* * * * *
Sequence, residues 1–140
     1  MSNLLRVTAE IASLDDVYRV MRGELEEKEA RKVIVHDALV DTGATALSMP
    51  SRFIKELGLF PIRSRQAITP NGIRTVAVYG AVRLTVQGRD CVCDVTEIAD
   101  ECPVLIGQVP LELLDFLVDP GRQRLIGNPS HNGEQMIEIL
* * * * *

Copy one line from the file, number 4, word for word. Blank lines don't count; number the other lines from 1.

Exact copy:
   101  ECPVLIGQVP LELLDFLVDP GRQRLIGNPS HNGEQMIEIL